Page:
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Seeking Support: Bereaved children are being failed in modern Scotland

Seeking Support: Bereaved children are being failed in modern Scotland

“My dad became ill with cancer when I was 13,” Stephen Smith tells Holyrood. “He had esophageal cancer and he had an operation, it was all removed and everything was going well. And then he was diagnosed with lung, liver and stomach cancer because the cells were still there. About a week later, my mum was diagnosed with a brain tumour. Both parents had cancer at the same time.

“My dad became ok, he was able to live with it and is still here today. But my mum had a brain tumour operation to get rid of it, a year later it came back, she had a second operation, then had a stroke on the operating table. She was them completely paralysed down the left side for a year and two months, when she passed away from seizures.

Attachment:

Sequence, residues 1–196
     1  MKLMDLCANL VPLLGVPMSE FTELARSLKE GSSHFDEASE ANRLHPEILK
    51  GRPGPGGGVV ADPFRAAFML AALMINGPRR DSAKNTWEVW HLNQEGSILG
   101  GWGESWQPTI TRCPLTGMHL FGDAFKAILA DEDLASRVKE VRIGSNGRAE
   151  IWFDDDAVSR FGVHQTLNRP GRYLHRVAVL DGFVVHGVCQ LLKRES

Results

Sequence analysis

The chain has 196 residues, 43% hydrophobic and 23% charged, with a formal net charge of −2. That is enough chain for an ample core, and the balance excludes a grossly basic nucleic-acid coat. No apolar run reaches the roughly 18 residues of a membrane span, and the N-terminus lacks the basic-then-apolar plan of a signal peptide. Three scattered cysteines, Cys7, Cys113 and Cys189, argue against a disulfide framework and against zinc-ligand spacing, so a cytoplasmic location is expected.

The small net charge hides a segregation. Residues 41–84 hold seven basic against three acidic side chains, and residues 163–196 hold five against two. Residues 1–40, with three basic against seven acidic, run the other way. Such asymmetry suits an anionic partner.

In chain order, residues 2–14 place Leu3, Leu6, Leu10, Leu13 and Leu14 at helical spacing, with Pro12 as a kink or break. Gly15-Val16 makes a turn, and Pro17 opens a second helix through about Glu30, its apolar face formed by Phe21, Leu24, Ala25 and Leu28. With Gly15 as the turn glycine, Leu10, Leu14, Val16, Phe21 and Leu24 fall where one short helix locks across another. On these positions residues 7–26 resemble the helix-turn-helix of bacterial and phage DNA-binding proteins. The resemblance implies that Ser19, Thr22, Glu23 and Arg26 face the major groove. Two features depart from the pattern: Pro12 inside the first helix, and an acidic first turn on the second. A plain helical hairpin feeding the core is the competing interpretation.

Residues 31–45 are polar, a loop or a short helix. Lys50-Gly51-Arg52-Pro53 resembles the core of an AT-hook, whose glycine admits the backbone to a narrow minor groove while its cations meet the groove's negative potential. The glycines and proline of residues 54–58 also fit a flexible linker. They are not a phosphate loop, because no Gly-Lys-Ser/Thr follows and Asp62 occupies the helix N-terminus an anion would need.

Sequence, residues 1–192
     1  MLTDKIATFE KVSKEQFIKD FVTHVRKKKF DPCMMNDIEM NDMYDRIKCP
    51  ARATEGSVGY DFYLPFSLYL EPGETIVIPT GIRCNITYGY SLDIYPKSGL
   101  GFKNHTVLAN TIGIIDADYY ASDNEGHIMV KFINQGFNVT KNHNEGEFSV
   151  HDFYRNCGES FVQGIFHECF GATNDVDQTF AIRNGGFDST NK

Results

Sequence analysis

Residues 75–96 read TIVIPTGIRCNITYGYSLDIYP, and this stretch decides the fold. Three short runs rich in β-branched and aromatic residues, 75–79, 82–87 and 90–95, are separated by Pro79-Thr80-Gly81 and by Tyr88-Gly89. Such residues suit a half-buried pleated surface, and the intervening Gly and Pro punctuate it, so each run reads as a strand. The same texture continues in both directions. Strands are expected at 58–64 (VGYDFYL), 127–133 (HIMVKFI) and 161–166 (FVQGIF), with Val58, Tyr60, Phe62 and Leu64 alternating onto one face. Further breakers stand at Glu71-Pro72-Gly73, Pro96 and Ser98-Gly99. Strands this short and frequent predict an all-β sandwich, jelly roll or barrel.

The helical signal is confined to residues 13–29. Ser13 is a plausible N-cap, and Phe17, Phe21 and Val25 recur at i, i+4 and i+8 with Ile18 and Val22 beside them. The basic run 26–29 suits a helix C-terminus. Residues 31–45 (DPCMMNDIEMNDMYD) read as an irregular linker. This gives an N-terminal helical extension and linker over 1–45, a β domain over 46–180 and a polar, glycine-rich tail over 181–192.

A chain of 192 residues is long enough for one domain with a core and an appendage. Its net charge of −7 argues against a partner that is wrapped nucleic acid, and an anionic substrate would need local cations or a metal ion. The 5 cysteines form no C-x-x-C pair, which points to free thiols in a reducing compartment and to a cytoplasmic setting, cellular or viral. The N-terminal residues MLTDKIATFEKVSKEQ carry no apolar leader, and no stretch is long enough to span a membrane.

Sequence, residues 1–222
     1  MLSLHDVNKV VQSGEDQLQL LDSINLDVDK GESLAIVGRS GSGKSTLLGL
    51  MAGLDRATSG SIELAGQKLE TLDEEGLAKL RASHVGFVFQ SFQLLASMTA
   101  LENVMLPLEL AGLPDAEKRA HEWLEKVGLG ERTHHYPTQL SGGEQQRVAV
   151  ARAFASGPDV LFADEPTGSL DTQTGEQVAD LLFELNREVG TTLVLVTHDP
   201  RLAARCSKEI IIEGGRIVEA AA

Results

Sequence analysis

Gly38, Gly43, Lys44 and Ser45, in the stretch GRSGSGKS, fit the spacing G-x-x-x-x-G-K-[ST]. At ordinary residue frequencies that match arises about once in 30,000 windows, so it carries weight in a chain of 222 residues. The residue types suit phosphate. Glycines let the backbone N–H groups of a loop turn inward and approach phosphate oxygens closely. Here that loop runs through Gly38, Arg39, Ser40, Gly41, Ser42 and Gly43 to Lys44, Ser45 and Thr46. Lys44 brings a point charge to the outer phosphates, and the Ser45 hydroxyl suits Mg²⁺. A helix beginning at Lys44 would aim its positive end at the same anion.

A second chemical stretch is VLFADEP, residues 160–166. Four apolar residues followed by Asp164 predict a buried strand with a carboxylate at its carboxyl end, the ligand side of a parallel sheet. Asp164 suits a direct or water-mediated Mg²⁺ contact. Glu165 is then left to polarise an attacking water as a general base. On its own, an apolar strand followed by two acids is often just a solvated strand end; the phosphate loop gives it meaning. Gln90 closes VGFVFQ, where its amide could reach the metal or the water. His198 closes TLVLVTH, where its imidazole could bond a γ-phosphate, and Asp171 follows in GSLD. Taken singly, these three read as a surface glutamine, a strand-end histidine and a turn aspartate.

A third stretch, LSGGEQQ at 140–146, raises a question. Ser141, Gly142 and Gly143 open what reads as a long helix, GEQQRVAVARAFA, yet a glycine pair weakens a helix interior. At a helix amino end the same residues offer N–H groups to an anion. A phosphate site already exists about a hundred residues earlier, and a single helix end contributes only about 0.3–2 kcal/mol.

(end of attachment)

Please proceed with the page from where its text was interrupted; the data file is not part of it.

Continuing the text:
“It was a whirlwind of events over about a four-year period. Sorry, really quick, really brief, but that’s the summary.” 

Smith, now 23, smiles uneasily, waiting for my response. It’s a story he’s used to telling, quickly summing up four years of being a carer and the eventual death of his mother, Karen, when he was 17.

Carefully avoiding discussion of any emotion and sticking purely to facts, it’s a trick many who suffered a childhood bereavement know well. It’s about being able to mention that someone has died without breaking societal taboos.

“I think you get very good at talking about the situation versus how you feel about the situation. They are two very different things,” Smith says. “If you ask me what happened, I can tell you exactly, give you a short story or the long story. If you ask me how I feel about the experience, that’s very different.”

The difficulty of talking about death and grief was a common finding of the new Growing Up Grieving report, delivered by the National Childhood Bereavement Project last month.

The project has been led by Denisha Killoh, whose own mother Pamela died when she was 14, for the last two years. Commissioned by the Scottish Government, children’s charity Includem spoke to young people who had been bereaved before age 26, as well as services designed to support them, in a bid to “ensure Scotland becomes a nation that holistically supports all children and young people who are, or will come to be, bereaved.”